The state of the copper network is now the top discussion being held around the water cooler. Joe heard that Fred heard that Misty’s father was a Telstra linesman who swears….
The situation is far from clear and Telstra is not helping matters by making a series of conflicting statements regarding the state of the copper network.
Recently Telstra CEO David Thodey told The Australian that the copper network was in good working order and "will be going for another 100 (years)”. Thodey went on to say "there is always opportunity so you have to keep things maintained. But it's perfectly OK, there is some copper a lot older than others but copper does not decompose."
Thodey’s remarks appear to be quite different to views put to Telstra shareholders in 2010 before a vote on the $11 billion NBN Co deal when the copper network was described as uneconomic due to its deteriorating state and high cost to maintain.
The true state of Telstra’s copper network must be investigated and publicly disclosed so that an open and transparent assessment can be made about the viability of using the copper for FTTN.
In August 2012 business analyst firm BIS Shrapnel produced a report titled "Maintenance in Australia 2012 to 2017" which stated that telecommunications infrastructure maintenance would decline from $2 billion in 2015 to $1.3 billion in 2021 due to the move to a fibre network.
In the report, BIS Shrapnel senior manager of infrastructure and mining Adrian Hart said:
"While it will allow for much higher levels of voice and data traffic, the technological superiority of optic fibre over Australia's ageing fixed-line copper network is estimated to reduce industry maintenance costs by between AU$600 million to AU$700 million per annum once fully deployed.”
Yet the whispering campaign to soften our minds to the possible use of the copper network for Fibre to the Node (FTTN) is in full swing.
The Australian Financial Review (AFR) recently published a story about a preliminary study using a well-known inaccurate database that found “up to 82 per cent of homes in cities are situated within 500 metres of a copper node” and the study went on to say “they are close enough to receive theoretical speeds of up to 100 megabits per second under fibre-to-the-node technology.”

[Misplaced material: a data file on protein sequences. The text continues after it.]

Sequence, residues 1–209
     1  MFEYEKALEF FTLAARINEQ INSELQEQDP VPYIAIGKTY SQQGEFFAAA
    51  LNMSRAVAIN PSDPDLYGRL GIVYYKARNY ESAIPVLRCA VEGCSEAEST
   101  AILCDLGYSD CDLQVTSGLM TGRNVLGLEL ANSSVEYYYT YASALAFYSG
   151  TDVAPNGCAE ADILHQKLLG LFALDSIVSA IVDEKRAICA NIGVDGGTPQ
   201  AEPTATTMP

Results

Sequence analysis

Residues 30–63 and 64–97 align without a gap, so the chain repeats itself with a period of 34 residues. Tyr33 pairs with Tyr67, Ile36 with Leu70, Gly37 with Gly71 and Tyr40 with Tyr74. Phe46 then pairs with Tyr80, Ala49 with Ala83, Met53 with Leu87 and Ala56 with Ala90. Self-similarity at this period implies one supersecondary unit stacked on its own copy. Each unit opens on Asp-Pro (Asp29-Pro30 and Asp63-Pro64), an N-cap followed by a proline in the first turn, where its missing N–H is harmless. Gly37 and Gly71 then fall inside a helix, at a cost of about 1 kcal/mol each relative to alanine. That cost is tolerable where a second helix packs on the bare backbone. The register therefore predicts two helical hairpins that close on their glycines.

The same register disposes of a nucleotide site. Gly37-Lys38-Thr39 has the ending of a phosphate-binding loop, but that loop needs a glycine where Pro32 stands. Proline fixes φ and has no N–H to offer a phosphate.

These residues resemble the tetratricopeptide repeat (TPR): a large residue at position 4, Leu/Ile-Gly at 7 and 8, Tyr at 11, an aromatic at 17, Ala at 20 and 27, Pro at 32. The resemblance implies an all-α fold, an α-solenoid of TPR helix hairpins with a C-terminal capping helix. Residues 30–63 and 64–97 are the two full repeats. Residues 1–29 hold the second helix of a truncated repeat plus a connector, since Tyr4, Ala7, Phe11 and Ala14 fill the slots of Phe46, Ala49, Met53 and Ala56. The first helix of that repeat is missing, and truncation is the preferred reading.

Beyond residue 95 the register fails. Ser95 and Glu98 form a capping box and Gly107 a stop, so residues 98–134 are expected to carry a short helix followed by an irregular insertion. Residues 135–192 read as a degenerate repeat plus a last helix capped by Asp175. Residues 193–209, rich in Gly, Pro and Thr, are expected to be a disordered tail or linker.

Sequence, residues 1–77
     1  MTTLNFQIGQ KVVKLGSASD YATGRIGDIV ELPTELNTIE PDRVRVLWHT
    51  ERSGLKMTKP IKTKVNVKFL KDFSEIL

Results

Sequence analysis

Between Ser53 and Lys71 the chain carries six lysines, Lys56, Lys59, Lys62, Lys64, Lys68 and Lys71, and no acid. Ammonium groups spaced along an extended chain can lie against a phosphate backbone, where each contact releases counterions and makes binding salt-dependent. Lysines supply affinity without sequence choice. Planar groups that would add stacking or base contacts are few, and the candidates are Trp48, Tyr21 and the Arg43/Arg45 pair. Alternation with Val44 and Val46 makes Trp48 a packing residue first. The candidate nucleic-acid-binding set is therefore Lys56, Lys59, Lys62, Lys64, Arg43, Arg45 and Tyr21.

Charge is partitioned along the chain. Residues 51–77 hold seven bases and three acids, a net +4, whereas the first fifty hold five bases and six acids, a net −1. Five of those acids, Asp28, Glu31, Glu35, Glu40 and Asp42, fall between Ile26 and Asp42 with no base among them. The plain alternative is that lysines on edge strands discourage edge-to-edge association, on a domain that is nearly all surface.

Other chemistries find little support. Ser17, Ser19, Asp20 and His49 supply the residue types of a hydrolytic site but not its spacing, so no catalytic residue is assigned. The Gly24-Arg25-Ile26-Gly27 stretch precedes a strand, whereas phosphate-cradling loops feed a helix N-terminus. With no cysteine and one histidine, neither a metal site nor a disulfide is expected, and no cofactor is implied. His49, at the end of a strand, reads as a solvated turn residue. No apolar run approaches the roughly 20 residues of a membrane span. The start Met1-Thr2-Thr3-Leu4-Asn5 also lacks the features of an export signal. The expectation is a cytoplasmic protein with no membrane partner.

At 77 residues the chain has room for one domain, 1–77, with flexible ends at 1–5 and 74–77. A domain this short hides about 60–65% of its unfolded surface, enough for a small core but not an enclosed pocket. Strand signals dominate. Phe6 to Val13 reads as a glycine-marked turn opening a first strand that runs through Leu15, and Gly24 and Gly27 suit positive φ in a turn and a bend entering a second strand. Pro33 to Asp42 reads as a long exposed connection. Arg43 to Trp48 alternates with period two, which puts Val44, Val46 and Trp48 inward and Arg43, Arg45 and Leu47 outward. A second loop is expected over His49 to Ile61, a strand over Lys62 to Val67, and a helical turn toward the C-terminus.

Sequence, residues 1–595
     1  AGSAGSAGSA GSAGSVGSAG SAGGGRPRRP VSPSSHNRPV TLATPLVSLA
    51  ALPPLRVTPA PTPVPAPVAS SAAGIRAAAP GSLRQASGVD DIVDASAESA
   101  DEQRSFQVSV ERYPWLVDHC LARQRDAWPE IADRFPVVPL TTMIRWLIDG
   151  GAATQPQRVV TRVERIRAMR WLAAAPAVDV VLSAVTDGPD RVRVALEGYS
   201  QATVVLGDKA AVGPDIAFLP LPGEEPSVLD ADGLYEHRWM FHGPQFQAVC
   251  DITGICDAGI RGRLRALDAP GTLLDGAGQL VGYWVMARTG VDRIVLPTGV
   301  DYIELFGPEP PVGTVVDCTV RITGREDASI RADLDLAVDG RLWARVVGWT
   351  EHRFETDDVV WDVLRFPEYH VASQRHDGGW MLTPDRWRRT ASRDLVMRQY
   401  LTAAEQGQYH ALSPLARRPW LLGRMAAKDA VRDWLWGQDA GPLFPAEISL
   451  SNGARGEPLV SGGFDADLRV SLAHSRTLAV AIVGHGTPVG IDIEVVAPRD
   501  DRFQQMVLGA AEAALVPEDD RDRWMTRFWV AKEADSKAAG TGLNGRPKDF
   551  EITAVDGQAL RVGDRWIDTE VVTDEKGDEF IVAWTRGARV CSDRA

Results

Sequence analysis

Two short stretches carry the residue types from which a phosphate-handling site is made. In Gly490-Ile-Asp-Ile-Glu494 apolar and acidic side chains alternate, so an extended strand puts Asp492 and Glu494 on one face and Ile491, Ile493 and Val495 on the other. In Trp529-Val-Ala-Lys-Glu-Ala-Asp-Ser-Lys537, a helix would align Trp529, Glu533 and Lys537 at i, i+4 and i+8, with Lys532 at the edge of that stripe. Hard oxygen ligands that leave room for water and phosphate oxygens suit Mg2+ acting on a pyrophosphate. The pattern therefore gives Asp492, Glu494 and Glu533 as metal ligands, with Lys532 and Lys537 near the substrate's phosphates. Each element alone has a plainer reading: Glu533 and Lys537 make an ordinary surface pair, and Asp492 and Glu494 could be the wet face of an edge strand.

To add yet another layer of hype the story went on to say that “up to 90 per cent of homes were within a kilometre of a Telstra copper node, meaning they would receive roughly at least a quarter of the maximum speed based on the technology.”
Does it matter that the study only considered cities and not regional and remote areas? Of course there is no real need to worry about anyone living beyond North Sydney or Toorak.
What about the use of theoretical speeds achievable only in a laboratory using pristine equipment to implant the idea that FTTN will be the National Broadband Network’s (NBN) technology saviour?
Is there any point advertising that customers will get “up to 100 Mbps”? The debate about this very questionable use of misleading advertising continues and it is high time that the Australian Competition and Consumer Commission steps up and stops the practice.
In the UK BT has only guaranteed a minimum of 8 Mbps on their FTTN. Properties that are less than 300 metres from the cabinet can achieve 60-80 Mbps downstream but only 30 per cent of premises fall into this category. If your home is more than 300 metres from the cabinet the projected speeds drop off quickly.
If only someone would post a copy of Dodo’s ADSL2 speed disclaimer near the water cooler we might be able to see the recent spate of media promoting the qualities of the copper network for what it is – hype and nothing more. Just in case you need reminding here is the speed disclaimer:
The actual speed you experience depends on a number of factors, including, your equipment, the quality and location of your line, including how far your connection is from the local telephone exchange, the applications you are using, the capacity and speed of our systems, the systems of our suppliers, and the Internet generally. For these reasons, you should not expect your actual speed to be at or near the theoretical maximum.
The EU recently published a report containing a snapshot of Internet connections in March 2012 which was collected from about 9000 homes server by 250 ISPs across the 30 EU countries. The research states that “on average, EU consumers receive 74 per cent of the advertised headline speed they have paid for. xDSL based services achieved only 63.3 per cent of the advertised headline download speed, compared to 91.4 per cent for cable and 84.4 per cent for FTTx.”
If it wasn’t for cable and FTTx the EU figures would be around the xDSL figure of 63.3 per cent which is not something to be extolled. Would you be concerned if you purchased a car that you were told achieves 600km per tank and you found you could only do 400km, about 60 per cent?
As the NBN reviews commence, Telstra should be called upon by the communications minister Malcolm Turnbull to provide full and frank disclosure of the state of the copper network. There can be no reasonable decision to move to include FTTN in the Australian NBN without an open and transparent analysis of the copper network.
Mark Gregory is a Senior Lecturer in the School of Electrical and Computer Engineering at RMIT University